From the Wires

Target to offer free holiday shipping

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Thursday, October 23, 2014

WSJ: The retailer hopes the offer will lead to more completed online transactions.

 

Caterpillar gains after raising forecast

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Thursday, October 23, 2014

Bloomberg: The construction equipment-maker's shares rose 5.1% to $99.35.

 

Dow Chemical profit up 44%

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Wednesday, October 22, 2014

Forbes: The U.S. chemical maker reported $14.4 billion in revenue, up 5% from the same period last year.

 

Boeing profit jumps 18%

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Wednesday, October 22, 2014

Reuters: Quarterly profit increased, but shares of the Chicago-based aerospace and defense giant fell 1.5% in early trading.

 

Verizon posts higher Q3 revenue

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Tuesday, October 21, 2014

Reuters: The largest U.S. wireless carrier added 1.5 million postpaid subscribers, or those who pay for service after use.

 

Oscar Pistorius sentenced to 5 years in prison

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Tuesday, October 21, 2014

NYT: The South African track star was sentenced for killing his girlfriend, Reeva Steenkamp.

 

IBM to pay Globalfoundries to take chip unit

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Monday, October 20, 2014

Reuters: The tech giant will pay the contract-chipmaker $1.5 billion in cash over the next three years to take its loss-making semiconductor unit off its hands.

 

Spotify introduces family plan

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Monday, October 20, 2014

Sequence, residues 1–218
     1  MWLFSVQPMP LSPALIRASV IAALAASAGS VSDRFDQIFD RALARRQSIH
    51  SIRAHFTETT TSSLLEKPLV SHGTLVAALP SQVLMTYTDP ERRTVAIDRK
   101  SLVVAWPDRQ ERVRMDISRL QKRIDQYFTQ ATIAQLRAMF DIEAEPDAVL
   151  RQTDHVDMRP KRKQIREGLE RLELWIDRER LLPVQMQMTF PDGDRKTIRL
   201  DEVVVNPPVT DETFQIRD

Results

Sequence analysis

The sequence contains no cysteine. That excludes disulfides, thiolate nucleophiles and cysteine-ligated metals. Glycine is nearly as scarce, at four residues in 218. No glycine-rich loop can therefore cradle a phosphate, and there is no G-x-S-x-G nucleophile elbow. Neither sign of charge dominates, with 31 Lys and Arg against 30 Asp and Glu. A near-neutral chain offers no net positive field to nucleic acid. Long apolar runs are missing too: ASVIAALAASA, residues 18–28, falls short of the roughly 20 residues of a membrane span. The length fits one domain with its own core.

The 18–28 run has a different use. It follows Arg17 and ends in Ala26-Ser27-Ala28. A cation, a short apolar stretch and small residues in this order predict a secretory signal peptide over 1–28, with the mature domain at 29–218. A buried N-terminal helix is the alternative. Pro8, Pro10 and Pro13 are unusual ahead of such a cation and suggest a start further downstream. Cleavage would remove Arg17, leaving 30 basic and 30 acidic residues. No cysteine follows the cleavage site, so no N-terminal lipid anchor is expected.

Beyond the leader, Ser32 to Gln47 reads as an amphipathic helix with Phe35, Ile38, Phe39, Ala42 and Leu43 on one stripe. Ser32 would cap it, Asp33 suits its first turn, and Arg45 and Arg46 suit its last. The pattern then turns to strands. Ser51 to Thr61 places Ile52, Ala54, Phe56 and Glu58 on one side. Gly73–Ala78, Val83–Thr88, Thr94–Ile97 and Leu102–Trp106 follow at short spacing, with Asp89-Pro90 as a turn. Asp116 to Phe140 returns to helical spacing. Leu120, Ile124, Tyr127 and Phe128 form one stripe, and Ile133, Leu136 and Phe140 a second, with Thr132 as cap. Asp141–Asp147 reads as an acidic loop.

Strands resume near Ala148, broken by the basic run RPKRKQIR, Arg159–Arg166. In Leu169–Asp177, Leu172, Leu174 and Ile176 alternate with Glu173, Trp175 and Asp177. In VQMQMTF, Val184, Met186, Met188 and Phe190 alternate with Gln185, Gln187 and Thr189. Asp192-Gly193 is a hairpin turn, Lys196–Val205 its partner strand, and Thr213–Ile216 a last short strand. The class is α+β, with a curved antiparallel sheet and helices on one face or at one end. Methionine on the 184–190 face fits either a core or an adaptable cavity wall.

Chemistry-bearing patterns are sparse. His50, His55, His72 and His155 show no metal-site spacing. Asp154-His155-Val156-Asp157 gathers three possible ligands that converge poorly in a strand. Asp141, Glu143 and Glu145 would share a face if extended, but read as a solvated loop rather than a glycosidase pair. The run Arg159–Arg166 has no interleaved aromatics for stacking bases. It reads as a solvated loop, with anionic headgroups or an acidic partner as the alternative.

TIME: Spotify Family allows up to five family members to subscribe to the digital streaming music service under one billing account.

 

GE profit rises 11%

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Friday, October 17, 2014

NYT: General Electric reported net profit of $3.5 billion.

 

Google profits slide 5%

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Friday, October 17, 2014

BBC: The Internet giant reported Q3 profits of $2.8 billion.

 

HBO to launch streaming service

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Thursday, October 16, 2014

WSJ: Time Warner Inc. said HBO would launch the stand-alone, online streaming version of its service in 2015.

 

Mattel sales decline for fourth straight quarter

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Thursday, October 16, 2014

Reuters: The toymaker's shares fell as much as 6% after the company announced that worldwide sales of Barbie dropped 21% at the end of Q3.

 

Converse sues to protect Chuck Taylor All Stars

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Wednesday, October 15, 2014

NYT: The century-old American footwear maker has accused 31 companies of trademark infringement in 22 separate lawsuits.

 
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Corner Office: Pam Edstrom

January-Powerbook 2015
Saturday, December 13, 2014

Seven tidbits of information from an agency partner and co-founder of Waggener Edstrom in Lake Oswego.


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The short list: 4 companies engaged in a battle of the paddles

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Nothing says startup culture like a ping pong table in the office, lounge or lobby.


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Corner Office: Steve Tatone

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Seven tidbits about the president and CEO of AKT Group.